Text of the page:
• The increase in nonfarm payrolls for June was 206,000, which is higher than the Dow Jones estimate of 200,000 but less than May’s downwardly revised 218,000 gain.
  • Unexpectedly, the unemployment rate climbed to 4,1%. This is tied with October 2021 for its highest level.
  • The average hourly earnings for the month increased by 0.3% and were up 3.9% compared to a year earlier, both of which are in line with expectations.

Labor Department reported Friday that the U.S. economy added slightly more than expected jobs in June, despite the fact that the unemployment rate rose.

Nonfarm payrolls rose by 206,000 in the month of May, a higher number than the Dow Jones forecast of 200,000, but less than the upwardly revised gain for May of 218,000, which was reduced sharply from an initial estimate of 272,000.

Unexpectedly, the unemployment rate climbed to 4,1%. This is tied with October 2021 as the highest since that date. It’s a contradictory sign for Federal Reserve officials who are weighing up their next move in monetary policy. Forecasts had predicted that the unemployment rate would remain at 4%.

Jan Hatzius said, “It is a report that suggests a soft landing,” on CNBC’s ” Squawk on The Street.” This does support the notion that [the Fed] may cut rates relatively soon. We continue to believe September is most likely.

The rise in unemployment was accompanied by a rise in the labor force participation, which measures the number of people working age who are either employed or actively looking for work. This rate rose 0.1 percentage points to 62.6%. The prime age rate (which focuses on people between the ages of 25 and 54) rose to 83.7%. This is its highest level in over 22 years.

The broader unemployment rate, which includes discouraged workers as well as those who hold part-time work for economic reasons, remained at 7.4%. The household employment rate used to calculate unemployment increased by 116,000. The household survey showed that full-time employees decreased by 28,000 and part-time employees increased by 50,000.

Although June’s job growth exceeded expectations, this was largely due to an increase of 70,000 government jobs. Health care, which has been a leader in job creation for years, saw a 49,000 increase, while social assistance added 34,000 jobs, and construction grew by 27,000.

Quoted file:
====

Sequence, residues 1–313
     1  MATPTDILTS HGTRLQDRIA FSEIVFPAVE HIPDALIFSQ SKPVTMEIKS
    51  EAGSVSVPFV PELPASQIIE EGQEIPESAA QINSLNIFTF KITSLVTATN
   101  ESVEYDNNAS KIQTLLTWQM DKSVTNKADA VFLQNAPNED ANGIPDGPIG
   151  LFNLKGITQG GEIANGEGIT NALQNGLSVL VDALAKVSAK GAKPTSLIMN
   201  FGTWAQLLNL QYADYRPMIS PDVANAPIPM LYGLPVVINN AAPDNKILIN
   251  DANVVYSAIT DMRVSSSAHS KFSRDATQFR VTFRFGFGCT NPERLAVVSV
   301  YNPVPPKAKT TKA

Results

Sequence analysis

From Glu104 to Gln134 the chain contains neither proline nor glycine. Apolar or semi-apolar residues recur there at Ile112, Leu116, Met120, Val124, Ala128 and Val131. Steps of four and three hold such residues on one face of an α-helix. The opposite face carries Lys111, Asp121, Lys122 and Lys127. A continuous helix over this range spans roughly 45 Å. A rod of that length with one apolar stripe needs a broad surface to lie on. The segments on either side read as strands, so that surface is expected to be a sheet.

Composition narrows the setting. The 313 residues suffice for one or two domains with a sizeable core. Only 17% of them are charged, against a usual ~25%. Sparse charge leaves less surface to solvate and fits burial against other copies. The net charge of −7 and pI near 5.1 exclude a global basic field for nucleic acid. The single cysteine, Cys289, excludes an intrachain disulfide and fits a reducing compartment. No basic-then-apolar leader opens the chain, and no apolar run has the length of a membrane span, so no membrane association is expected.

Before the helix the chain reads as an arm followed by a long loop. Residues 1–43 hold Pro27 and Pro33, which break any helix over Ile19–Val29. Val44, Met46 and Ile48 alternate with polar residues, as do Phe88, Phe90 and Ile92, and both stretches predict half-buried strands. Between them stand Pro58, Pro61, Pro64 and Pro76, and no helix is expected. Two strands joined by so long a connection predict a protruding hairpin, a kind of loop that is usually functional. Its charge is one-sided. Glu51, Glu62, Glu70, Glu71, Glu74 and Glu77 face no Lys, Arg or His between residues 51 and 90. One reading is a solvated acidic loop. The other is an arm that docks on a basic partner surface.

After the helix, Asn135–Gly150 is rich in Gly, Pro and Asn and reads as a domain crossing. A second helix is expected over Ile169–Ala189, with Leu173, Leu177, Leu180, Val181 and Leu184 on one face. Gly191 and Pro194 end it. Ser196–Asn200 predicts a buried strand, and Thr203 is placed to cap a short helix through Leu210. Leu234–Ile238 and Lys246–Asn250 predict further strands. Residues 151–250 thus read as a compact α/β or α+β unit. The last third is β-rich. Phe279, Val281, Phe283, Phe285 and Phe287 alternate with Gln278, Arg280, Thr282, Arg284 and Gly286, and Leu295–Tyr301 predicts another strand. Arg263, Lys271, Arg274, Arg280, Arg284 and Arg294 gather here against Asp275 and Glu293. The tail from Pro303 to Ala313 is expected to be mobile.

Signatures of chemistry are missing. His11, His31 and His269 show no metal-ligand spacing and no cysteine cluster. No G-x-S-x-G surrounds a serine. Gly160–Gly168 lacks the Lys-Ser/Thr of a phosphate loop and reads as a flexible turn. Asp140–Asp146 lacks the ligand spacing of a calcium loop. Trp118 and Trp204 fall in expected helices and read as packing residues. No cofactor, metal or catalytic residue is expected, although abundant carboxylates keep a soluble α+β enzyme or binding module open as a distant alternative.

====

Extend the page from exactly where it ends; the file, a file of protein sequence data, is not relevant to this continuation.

Retail (-9,000) and professional and business service (-17.000), were two of the sectors that saw a decline.

In terms of wages, the average hourly wage increased by 0.3% in a month, and 3.9% compared to a year earlier, both according to estimates. The average week was unchanged at 34.3.

Stock Market Futures climbed higher after the report, while Treasury yields fell. The traders also increased their wagers that the Fed will implement its first interest rate reduction in September.

David Russell, Global Head of Market Strategy at TradeStation, said: “The job market has a slight bend without breaking yet, which supports the argument for rate reductions.” The market is not too hot or too cold. Goldilocks has arrived and September is the month to watch for a Fed rate reduction.

The Bureau of Labor Statistics, in addition to the significant revision of the May payroll count, has lowered the April estimate to 108,000. This is a drop of 57,000 from its previous estimate. The revisions combined have reduced the April and may totals by 111,000.

The number of long-term unemployed increased sharply in the last month. It rose by 166,000, to 1.5 million. This is a dramatic increase from 1.1 million one year ago. BLS reported that the percentage of long-term jobless as a proportion of total unemployment was 22.2% compared to 18.8% one year ago.

Black unemployment rates have risen to 6.3% – the highest level since March. The Asian rate jumped by a full percentage to 4,1%, the highest level since August 2021.

Federal Reserve officials are pondering next steps in monetary policy as they read the report.

According to the minutes of their meeting earlier this week , policymakers said they needed to see further progress on inflation in order to lower interest rates. They also noted that a robust economy, and a particularly solid labor market, lessened the urgency to take action any time soon.

Markets are estimating two rate cuts before 2024, assuming a quarter percentage point decrease. Fed officials only penciled in one rate cut at their June meeting, saying that they needed to see more “favorable data” before moving ahead with reductions.

Robert Frick is the corporate economist for Navy Federal Credit Union. He said that there are no cracks in the system which would prompt the Fed to cut rates. The labor market also continues to show signs of a slowing inflation. “That should result in one or two rate cuts this year.”

The Fed’s key lending rate is set at 5.25%-5.50 percent, its highest level in 23 years. It has been there for a little over a year.

Recent surveys of purchasing managers show a contraction in hiring in both the manufacturing and service sectors.

The broader economy is also slowing down. According to the Atlanta Fed, the gross domestic product grew at a pace of just 1.5% in the second quarter.

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